Despite intense pressure, May showed no sign of changing course. During her Commons statement, she ruled out extending the Article 50 negotiating period, or calling for a second referendum. Facing calls from several Labour MPs and from former Remain-supporting MPs in her own party to back another vote, May said she did not want to follow other EU members who she said had ignored the wishes of their voters in previous referendums.

May said there would shortly be “more detail” for MPs on the future relationship.

“I’ve seen on other European issues … other member states of the European Union taking matters back to their populace, having a referendum, the vote has come out against what the EU wanted and effectively there has then been a second vote, a sort of ‘go back and think again’ vote. I don’t think it’s right that we should do that in this country,” she said.

U.K. officials said that the second document published Tuesday, a political statement rather than a legally binding treaty, which outlines both sides’ intentions for the future relationship, was not the final text and that a more detailed document would be agreed in the run-up to a special European Council summit on November 25. May said there would shortly be “more detail” for MPs on the future relationship.

Both former Brexit Secretary Dominic Raab and former Work and Pensions Secretary Esther McVey, who both resigned this morning, cited what they called a threat to the union in their resignation letters. Two junior ministers — Brexit minister Suella Braverman and Northern Ireland minister Shailesh Vara — also resigned, as did parliamentary private secretaries Anne-Marie Trevelyan and Ranil Jayawardena.

Tom McTague and Annabelle Dickson contributed reporting.


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Brexiteer calls for leadership challenge to topple Theresa May

Jacob Rees-Mogg leads an 80-strong Euroskeptic caucus in parliament.

LONDON — Theresa May’s future as U.K. prime minister hung by a thread Thursday after leading Brexiteer Jacob Rees-Mogg formally called for her to “step aside.”

Rees-Mogg, who leads an 80-strong caucus of hard-line Euroskeptics in the U.K. parliament, submitted a letter of no confidence in May’s leadership of the Conservative Party following Wednesday’s publication of a draft Brexit deal between the U.K. and EU.

Just 48 letters of no confidence are needed to trigger a formal vote of confidence in May’s leadership, which she must win by a simple majority to remain prime minister.
In his letter to the chairman of the backbench Conservative Party 1922 committee — the body which overseas Tory leadership elections — Rees-Mogg said it is in the national interest for May to stand aside.

“The draft withdrawal agreement presented to parliament today has turned out to be worse than anticipated and fails to meet the promises given to the nation by the prime minister, either on her own account or on behalf of us all in the Conservative Party Manifesto.”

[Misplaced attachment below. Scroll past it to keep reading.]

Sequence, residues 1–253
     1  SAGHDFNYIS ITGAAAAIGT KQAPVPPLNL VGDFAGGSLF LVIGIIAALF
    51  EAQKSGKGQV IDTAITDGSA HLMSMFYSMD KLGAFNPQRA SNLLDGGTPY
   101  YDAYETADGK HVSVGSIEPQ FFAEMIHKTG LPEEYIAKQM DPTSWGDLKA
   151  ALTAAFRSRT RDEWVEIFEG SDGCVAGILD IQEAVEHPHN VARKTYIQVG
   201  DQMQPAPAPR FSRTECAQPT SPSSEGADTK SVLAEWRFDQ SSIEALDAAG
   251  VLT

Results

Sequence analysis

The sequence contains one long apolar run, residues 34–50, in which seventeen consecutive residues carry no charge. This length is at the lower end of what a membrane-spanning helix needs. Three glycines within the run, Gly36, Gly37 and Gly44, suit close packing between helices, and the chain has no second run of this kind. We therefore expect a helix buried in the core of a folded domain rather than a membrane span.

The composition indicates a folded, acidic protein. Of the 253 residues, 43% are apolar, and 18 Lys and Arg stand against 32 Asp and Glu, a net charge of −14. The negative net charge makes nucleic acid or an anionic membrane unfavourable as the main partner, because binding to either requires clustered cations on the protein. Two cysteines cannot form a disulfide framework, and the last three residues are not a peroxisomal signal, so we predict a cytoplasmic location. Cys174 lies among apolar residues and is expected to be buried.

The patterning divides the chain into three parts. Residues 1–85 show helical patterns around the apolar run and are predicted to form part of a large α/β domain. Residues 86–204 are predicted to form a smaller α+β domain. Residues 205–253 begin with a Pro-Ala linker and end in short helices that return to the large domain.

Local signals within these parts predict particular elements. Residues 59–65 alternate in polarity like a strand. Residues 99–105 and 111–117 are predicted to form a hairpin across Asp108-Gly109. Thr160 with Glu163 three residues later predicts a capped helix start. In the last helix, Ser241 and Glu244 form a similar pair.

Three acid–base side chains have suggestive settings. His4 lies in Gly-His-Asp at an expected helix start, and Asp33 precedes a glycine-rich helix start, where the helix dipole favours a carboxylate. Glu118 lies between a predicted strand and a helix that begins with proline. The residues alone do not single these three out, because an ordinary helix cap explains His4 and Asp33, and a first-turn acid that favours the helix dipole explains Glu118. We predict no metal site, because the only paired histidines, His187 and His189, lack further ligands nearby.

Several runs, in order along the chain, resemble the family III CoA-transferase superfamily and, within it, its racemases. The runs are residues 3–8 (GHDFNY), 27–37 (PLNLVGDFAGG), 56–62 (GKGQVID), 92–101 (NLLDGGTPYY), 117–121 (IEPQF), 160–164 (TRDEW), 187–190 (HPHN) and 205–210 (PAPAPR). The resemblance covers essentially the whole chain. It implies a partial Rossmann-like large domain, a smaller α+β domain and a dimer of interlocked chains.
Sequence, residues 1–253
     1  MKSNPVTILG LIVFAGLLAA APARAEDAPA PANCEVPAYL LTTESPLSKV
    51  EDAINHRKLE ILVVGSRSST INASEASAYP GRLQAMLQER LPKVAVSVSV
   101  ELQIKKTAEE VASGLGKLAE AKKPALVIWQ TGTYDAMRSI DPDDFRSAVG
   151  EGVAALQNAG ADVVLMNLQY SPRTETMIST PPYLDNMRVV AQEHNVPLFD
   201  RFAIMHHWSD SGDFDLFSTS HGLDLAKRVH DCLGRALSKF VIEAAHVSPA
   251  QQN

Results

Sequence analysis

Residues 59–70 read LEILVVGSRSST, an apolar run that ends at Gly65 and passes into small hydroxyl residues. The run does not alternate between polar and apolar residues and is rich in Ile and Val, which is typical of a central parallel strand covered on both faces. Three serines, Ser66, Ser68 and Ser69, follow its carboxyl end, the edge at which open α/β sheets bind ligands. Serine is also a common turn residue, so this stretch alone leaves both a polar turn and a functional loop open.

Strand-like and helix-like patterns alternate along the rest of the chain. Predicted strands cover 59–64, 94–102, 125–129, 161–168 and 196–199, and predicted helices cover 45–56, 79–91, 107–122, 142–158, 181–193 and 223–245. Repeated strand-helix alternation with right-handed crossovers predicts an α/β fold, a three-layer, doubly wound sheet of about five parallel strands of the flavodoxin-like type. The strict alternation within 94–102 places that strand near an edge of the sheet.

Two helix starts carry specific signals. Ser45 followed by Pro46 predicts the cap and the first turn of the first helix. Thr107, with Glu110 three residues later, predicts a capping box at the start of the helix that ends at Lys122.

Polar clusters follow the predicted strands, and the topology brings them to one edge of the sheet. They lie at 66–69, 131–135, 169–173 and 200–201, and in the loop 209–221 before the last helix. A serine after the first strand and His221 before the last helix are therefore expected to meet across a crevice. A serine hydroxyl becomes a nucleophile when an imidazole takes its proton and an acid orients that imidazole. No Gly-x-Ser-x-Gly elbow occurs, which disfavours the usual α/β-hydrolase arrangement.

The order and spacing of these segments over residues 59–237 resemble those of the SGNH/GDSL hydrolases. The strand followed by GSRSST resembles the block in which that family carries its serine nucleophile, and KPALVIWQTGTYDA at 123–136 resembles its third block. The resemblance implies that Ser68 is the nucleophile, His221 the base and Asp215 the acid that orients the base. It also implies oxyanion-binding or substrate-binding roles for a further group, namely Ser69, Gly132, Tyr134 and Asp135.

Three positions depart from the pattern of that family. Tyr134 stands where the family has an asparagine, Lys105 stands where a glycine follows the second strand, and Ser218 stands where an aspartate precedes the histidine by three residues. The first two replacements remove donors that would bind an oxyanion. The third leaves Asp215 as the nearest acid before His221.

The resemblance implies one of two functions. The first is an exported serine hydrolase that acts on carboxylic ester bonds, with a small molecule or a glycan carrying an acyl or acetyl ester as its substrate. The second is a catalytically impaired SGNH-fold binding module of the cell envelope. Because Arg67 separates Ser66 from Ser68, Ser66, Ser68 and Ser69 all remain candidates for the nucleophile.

He added: “Regrettably, this is not the situation, therefore, in accordance with the relevant rules and procedures of the Conservative Party and the 1922 Committee, this is a formal letter of No Confidence in the Leader of the Party, the Rt. Hon. Theresa May.”


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Theresa May’s statement to MPs on the draft Brexit deal

The prime minister said that delivering Brexit involved ‘difficult choices.’

The full prime minister’s statement to the House of Commons on the draft deal negotiated between her government and the EU27. 

With permission, Mr Speaker, I would like to update the House on our negotiations to leave the European Union.

First, I want to pay tribute to my Rt Hon Friends the Members for Esher and Walton and Tatton.

Delivering Brexit involves difficult choices for all of us.

We do not agree on all of those choices but I respect their views and thank them sincerely for all that they have done.

Mr Speaker, yesterday we agreed the provisional terms of our exit from the European Union, set out in the Draft Withdrawal Agreement.

We also agreed the broad terms of our future relationship, in an Outline Political Declaration.

President Juncker has now written to the President of the European Council to recommend that “decisive progress has been made in the negotiations.”

And a special European Council will be called for Sunday 25th November.

This puts us close to a Brexit deal.

Mr Speaker, what we agreed yesterday was not the final deal.

It is a draft treaty that means we will leave the EU in a smooth and orderly way on 29 March 2019 and which sets the framework for a future relationship that delivers in our national interest.

It takes back control of our borders, laws and money.

It protects jobs, security and the integrity of the United Kingdom.

And it delivers in ways that many said could simply not be done.

We were told that we had a binary choice between the model of Norway or the model of Canada. That we could not have a bespoke deal.